L’influence d’un affouragement typique des régions de montagne suisses (cinq régions; altitude du fourrage à base d’herbe durant les saisons estivale et hivernale : 1247 (± 465) m et 1136 (± 310) m, respectivement) sur la composition en acides gras du lait de vache a été étudiée pendant une année (de mai 2004 à avril 2005). Comparée à l’hiver, la matière grasse du lait d’été avait des concentrations significativement plus basses en acides gras saturés (−8,6 %) et plus élevées en monoinsaturés (+19,9 %), polyinsaturés (+21,7 %), acides linoléiques conjugués (ALC) (+70,1 %) et en acides gras trans (+56,7 %, ALC non inclus). Les concentrations en acides gras ramifiés, n-3 et n-6 du lait d’été et d’hiver n’étaient pas significativement différentes. Cependant, la concentration de l’acide gras n-3 principal de la matière grasse du lait, l’acide α-linolénique, était significativement plus élevée dans les laits d’été que dans ceux d’hiver et était positivement corrélée avec le pourcentage de fourrage à base d’herbe et avec l’altitude.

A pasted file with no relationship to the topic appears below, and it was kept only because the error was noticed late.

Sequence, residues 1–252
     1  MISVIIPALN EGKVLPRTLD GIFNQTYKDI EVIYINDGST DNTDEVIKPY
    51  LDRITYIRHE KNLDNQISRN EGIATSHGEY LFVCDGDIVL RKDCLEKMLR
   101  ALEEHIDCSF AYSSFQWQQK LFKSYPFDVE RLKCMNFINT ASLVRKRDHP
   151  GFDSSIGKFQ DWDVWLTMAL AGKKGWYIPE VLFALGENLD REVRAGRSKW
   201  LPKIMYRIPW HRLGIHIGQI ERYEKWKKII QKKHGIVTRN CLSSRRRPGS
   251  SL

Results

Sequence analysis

matière grasse du lait acide gras lait de montagne lait d’hiver lait d’été 

Abstract

5 ( 1247 ± 465 m 1136 ± 310 m) (2004 5 –2005 4) (−8.6%) (+19.9%) (+21.7%) (+70.1%) (+56.7%) n-3 n-6 n-3 (α-)

Preview

Unable to display preview. Download preview PDF.

Unable to display preview. Download preview PDF.

References

  1. [1]
    Anonymous, Systat for Windows version 11, Chicago, USA, SPSS Inc (2004).Google Scholar
  2. [2]
    Bartsch B.D., Graham E.R.B., McLean D.M., Protein and fat composition and some manufacturing properties of milk from dairy cows fed hay and concentrate in various ratios, Austr. J. Agric. Res. 30 (1979) 191–199.CrossRefGoogle Scholar